These clinical trials indicate that people learning the Buteyko Method are able to substantially reduce medication with no deterioration in their lung function or asthma control, although no studies have demonstrated objective changes in lung function. The quality of evidence for the Buteyko Method according to an Australian Department of Health report is stronger than that for any other complementary medicine treatment of asthma (Marks, Kotsirilos et al. 2005).
 
Recent studies indicate that several other types of breathing therapies also help asthma symptoms and lung function, for example, resonant frequency breathing biofeedback (Lehrer, Vaschillo et al. 2004), capnometry biofeedback (Ritz, Meuret et al. 2009) and breathing rehabilitation (Holloway and West 2007; Thomas, McKinley et al. 2009).
 
Breathing therapy has also been found to be very helpful for cardiovascular disease. In a study comparing patients who received standard cardiac rehabilitation with those receiving additional training in breathing therapy after myocardial infarction (MI), it was found that the breathing therapy group had about a 30% decrease in cardiac events at 5 year follow-up (van Dixhoorn and Duivenvooden 1999). Another study showed that exercise training in patients with MI was not always successful in preventing future cardiac events, however the risk of treatment failure was reduced by half when relaxation and breathing training was added to exercise training (Dixhoorn, Duivenvoorden et al. 1989).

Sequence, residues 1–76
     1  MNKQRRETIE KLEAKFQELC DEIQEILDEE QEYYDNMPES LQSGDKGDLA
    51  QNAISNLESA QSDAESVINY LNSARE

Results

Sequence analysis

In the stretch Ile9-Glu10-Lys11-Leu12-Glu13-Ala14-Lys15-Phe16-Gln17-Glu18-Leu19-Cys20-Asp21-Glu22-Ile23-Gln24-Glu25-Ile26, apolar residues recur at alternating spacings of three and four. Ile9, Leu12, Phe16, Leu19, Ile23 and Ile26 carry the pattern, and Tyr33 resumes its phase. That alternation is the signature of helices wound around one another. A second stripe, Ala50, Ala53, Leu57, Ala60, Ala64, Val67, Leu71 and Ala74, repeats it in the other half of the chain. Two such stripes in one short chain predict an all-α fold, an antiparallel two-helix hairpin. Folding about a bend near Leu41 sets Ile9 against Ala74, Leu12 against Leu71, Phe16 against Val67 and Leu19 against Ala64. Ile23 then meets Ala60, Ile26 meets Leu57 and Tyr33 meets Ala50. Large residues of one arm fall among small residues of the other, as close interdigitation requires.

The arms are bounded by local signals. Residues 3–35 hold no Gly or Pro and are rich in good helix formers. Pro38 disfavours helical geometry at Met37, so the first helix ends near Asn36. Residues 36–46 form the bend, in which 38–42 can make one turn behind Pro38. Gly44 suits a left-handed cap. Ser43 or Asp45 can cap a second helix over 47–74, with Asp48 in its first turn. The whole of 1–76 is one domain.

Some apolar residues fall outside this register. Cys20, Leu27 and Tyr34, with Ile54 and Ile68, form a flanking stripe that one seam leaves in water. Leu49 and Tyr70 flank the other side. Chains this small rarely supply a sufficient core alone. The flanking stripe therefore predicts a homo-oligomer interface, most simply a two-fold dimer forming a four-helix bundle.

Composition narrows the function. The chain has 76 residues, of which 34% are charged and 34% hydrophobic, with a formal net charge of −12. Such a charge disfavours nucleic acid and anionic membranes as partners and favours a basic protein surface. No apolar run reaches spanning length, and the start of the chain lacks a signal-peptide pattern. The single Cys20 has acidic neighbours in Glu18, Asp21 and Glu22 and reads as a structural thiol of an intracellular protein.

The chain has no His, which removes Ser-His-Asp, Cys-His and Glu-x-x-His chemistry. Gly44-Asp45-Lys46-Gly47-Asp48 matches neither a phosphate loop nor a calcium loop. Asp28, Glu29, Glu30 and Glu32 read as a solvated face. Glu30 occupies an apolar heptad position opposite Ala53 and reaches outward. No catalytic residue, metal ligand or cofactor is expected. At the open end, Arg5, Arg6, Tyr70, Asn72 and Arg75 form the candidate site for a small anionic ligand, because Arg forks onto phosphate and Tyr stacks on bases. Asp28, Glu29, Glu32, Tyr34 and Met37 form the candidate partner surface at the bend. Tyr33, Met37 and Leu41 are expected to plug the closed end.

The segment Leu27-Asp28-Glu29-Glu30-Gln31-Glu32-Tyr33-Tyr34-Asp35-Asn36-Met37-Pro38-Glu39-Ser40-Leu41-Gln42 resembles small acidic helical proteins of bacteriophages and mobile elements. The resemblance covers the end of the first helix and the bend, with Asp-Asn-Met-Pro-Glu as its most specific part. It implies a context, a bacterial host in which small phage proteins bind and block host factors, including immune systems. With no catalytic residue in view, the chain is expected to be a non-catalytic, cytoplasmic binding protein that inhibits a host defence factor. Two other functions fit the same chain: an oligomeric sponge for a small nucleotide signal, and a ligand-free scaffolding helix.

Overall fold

Other breathing therapy based on yoga breathing was also found to improve hemodynamics and various cardiorespiratory risk factors in cardiac patients (Murthy 1998; Shannahoff-Khalsa, Sramek et al. 2004).
 
The effectiveness of breathing therapies in psychological conditions and chronic stress has also been shown in several studies.
 
In major depression, both resonant frequency biofeedback and modern yoga derived breathing techniques appear to be effective (Janakiramaiah 1998; Murthy 1998; Karavidas, Lehrer et al. 2007). People with anxiety and panic disorder also show beneficial response to capnometry and other breathing therapy protocols (Tweedale, Rowbottom et al. 1994; Abu-Hijleh, Habbal et al. 1995; Meuret, Wilhelm et al. 2008).
 
This sampling of the literature on breathing therapies, while not exhaustive, strongly suggests that breathing may be able to function as a therapeutic or salutogenic aid, yet despite many positive research findings, breathing therapies are not widely utilised. One reason for this may be that there is insufficient understanding of the mechanisms underlying breathing therapies. Certain theories about the mechanisms of breathing therapies propose that they helpful because they correct some aspect of dysfunctional breathing.